BEVERLY HILLS - Italia Ricci is at the fun stage of fame.
“I got recognized in the airport recently, it was the first time ever,” Ricci said. “And I was like, 'Do you want to come over for dinner?'"
Ricci's modesty aside, the Canadian actress is turning plenty of heads with her deft and delicate performance in the TV series Chasing Life, which is airing its first season Tuesdays on ABC Spark in Canada and on ABC Family in the United States.
Set in Boston but adapted from a Mexican series, Chasing Life follows April (Ricci), an aspiring journalist who suddenly gets the devastating news that she has cancer. The series has done well in the ratings since its debut last month and has received strong reviews, many of which can be attributed to Ricci's handling of the material.
“I'm an actor, so I'm never going to feel like I've done enough,” said Ricci, who was born in Richmond Hill, Ont., raised in Newmarket, Ont., and attended Queen's University in Kingston, Ont. “So I was terrified that I wasn't going to be able to do these people's stories justice. Now that the fans are appreciating it and really responding well to it, I feel like I did okay.
“When I first got the role, I was thinking that I wanted to talk to everybody, I wanted to become an expert. But then I realized that April is not that person. She doesn't know everything, and I didn't want to anticipate what she was going to feel in my performance.”
It's that kind of thoughtfulness that has allowed Chasing Life to connect with viewers, and Ricci has heard from many who are battling cancer themselves. The series takes the subject seriously, yes. But it also takes into account the ability of human beings to live in denial, and laugh in the face of danger, and get angry, and rise to occasions.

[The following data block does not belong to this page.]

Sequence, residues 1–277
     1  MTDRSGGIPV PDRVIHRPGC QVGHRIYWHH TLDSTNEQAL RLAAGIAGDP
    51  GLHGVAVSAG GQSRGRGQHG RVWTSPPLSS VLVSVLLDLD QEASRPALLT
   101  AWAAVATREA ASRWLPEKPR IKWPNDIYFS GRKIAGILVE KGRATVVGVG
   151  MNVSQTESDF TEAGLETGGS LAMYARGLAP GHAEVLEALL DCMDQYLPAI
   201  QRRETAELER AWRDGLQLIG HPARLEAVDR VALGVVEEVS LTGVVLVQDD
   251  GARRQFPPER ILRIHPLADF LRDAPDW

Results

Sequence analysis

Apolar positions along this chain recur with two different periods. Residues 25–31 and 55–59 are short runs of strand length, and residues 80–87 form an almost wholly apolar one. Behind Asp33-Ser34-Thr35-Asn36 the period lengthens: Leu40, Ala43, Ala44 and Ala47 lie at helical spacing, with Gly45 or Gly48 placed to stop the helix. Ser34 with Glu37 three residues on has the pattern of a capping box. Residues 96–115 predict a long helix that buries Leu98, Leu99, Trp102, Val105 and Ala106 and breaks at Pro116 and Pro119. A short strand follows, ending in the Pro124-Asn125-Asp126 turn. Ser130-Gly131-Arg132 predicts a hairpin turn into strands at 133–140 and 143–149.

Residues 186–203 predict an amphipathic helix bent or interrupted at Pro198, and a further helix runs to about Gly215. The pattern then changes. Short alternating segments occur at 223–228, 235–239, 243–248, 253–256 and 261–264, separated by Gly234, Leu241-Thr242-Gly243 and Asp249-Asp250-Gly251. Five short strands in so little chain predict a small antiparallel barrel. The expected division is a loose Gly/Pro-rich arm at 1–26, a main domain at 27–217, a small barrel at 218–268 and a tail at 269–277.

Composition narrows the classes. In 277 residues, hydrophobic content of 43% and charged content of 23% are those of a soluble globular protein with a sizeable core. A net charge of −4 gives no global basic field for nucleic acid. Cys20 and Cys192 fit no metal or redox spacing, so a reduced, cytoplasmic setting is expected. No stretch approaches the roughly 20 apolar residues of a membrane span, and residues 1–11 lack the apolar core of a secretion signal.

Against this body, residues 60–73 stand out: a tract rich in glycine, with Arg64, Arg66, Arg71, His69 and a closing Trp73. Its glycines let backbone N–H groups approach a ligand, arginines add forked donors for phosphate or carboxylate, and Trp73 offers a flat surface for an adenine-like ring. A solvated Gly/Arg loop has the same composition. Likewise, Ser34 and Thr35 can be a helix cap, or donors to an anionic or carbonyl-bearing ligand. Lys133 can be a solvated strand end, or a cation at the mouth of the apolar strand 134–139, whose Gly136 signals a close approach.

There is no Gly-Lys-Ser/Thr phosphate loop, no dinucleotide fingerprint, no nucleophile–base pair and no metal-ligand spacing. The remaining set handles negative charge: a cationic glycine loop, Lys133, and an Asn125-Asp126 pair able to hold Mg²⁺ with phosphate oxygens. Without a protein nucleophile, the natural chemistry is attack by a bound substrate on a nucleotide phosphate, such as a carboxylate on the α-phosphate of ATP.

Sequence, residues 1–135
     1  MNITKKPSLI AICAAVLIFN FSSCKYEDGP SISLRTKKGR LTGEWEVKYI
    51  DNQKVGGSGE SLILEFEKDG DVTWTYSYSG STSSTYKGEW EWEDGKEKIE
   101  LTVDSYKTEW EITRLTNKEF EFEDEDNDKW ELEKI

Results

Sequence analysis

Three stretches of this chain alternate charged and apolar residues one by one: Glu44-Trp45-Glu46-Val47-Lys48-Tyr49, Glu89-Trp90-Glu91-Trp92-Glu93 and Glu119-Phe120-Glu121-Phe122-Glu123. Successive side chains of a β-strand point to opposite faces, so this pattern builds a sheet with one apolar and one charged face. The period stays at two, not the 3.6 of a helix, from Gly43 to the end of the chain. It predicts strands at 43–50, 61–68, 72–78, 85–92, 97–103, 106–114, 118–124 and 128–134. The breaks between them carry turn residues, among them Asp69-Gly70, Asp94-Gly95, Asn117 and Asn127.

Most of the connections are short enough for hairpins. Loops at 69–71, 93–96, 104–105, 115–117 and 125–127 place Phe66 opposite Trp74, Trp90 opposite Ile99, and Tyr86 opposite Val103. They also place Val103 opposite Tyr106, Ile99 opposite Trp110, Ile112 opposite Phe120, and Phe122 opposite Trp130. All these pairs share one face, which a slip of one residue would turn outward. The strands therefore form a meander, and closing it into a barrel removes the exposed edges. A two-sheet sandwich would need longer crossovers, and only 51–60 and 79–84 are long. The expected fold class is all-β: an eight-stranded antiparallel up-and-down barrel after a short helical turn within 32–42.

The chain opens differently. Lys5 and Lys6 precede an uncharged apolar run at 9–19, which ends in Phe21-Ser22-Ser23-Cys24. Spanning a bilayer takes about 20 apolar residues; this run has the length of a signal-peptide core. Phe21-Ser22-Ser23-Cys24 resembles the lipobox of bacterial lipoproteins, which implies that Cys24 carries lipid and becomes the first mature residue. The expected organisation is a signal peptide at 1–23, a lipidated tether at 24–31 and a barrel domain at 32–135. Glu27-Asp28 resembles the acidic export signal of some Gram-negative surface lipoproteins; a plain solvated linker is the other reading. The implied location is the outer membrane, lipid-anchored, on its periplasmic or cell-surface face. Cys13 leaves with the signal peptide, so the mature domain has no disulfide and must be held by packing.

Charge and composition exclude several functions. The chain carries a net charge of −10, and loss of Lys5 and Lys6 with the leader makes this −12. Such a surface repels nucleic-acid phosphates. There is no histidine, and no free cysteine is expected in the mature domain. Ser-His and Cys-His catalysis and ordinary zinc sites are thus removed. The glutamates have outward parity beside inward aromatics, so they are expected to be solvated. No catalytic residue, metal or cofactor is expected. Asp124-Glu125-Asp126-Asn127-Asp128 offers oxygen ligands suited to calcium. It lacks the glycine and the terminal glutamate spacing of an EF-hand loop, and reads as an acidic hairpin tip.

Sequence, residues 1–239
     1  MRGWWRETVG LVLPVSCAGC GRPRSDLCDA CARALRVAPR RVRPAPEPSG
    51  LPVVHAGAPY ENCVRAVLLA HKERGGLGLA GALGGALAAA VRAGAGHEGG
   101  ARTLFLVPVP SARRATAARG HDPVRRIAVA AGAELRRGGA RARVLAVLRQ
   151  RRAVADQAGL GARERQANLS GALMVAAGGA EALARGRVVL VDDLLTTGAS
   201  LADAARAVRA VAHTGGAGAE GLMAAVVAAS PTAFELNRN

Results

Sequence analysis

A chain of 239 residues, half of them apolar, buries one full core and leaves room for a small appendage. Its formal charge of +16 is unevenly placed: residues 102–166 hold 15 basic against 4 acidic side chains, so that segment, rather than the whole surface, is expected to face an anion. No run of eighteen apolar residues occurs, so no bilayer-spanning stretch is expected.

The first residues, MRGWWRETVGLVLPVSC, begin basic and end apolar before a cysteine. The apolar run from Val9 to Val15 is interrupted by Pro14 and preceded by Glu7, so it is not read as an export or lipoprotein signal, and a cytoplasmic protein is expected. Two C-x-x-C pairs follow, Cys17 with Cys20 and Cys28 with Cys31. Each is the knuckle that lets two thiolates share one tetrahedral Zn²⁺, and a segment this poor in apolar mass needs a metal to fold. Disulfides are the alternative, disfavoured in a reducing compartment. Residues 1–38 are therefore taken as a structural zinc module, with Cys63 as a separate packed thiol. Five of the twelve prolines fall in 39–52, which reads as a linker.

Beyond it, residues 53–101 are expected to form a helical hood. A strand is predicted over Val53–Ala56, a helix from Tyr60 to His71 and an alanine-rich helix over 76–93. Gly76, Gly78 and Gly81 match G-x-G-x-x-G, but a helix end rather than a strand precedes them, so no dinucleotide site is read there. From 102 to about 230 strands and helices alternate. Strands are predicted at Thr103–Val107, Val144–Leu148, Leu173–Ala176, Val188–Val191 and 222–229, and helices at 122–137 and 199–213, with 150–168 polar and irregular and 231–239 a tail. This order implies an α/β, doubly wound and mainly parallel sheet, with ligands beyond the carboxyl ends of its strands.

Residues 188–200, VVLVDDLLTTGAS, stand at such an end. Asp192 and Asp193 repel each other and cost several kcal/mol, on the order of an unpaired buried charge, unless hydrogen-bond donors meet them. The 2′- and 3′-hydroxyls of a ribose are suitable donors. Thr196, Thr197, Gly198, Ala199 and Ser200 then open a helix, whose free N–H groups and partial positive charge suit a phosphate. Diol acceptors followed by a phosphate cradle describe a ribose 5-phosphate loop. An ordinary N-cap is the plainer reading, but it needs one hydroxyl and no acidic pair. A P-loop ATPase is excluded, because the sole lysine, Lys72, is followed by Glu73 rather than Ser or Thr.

Ricci's path to this point in her career has all the ups and downs you might anticipate. She got a degree in drama at Queen's, but decided entertainment law would be a more stable way to earn a living in showbiz, rather than slogging it out in acting.
“So I was on my way to law school when a friend of mine at an extras agency said, 'Do you want to come to this movie set and get paid $100 bucks a day to pretend you're at a party?'" Ricci said. "And I was like, 'Yeah, summer holiday, let's do it.' So I went, and on lunch the writer asked me to audition for a role, and I got it. Then he wrote me into the next one, and it all just started to snowball.
“It's 90% luck. You can be the hardest-working, most talented person in Hollywood and never book a job. Or you can not be able to act your way out of a box and be making $20 million a year. It's just about being the right person in the right role in the right place in front of the right people.
"I've been out here (in Los Angeles) for six years, and at times I was closer to booking a plane ticket home than booking a job. As a Canadian, I couldn't work down here as anything other than an actor, and there was a point where I was like, 'I just can't do this.' But my friends and family convinced me to stick it out, and I'm forever grateful.”
Ricci's role in Chasing Hope makes her grateful for a lot of things these days.
“I feel so guilty when I get to come home at night and not have cancer,” Ricci said. “I feel so guilty for the people who don't get to just turn it off on weekends and be healthy and care-free.
“On a strictly professional level, I wake up sometimes and giggle, because I still can't believe I got this job and I'm doing it. But more important than that, I'm so proud of this. Even if only two people watched, I'm so proud to be part of making this story exist.”
A lot more than two people are watching, Italia Ricci. Getting recognized by someone at the airport is just the beginning.